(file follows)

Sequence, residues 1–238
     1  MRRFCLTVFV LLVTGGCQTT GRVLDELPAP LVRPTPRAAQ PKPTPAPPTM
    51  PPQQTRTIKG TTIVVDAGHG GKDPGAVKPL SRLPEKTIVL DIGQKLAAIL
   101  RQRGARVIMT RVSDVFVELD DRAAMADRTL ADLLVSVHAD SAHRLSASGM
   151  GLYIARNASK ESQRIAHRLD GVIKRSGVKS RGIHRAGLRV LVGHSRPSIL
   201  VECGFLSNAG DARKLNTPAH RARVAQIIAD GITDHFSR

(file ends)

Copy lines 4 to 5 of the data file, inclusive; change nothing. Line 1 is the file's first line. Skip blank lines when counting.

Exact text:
   101  RQRGARVIMT RVSDVFVELD DRAAMADRTL ADLLVSVHAD SAHRLSASGM
   151  GLYIARNASK ESQRIAHRLD GVIKRSGVKS RGIHRAGLRV LVGHSRPSIL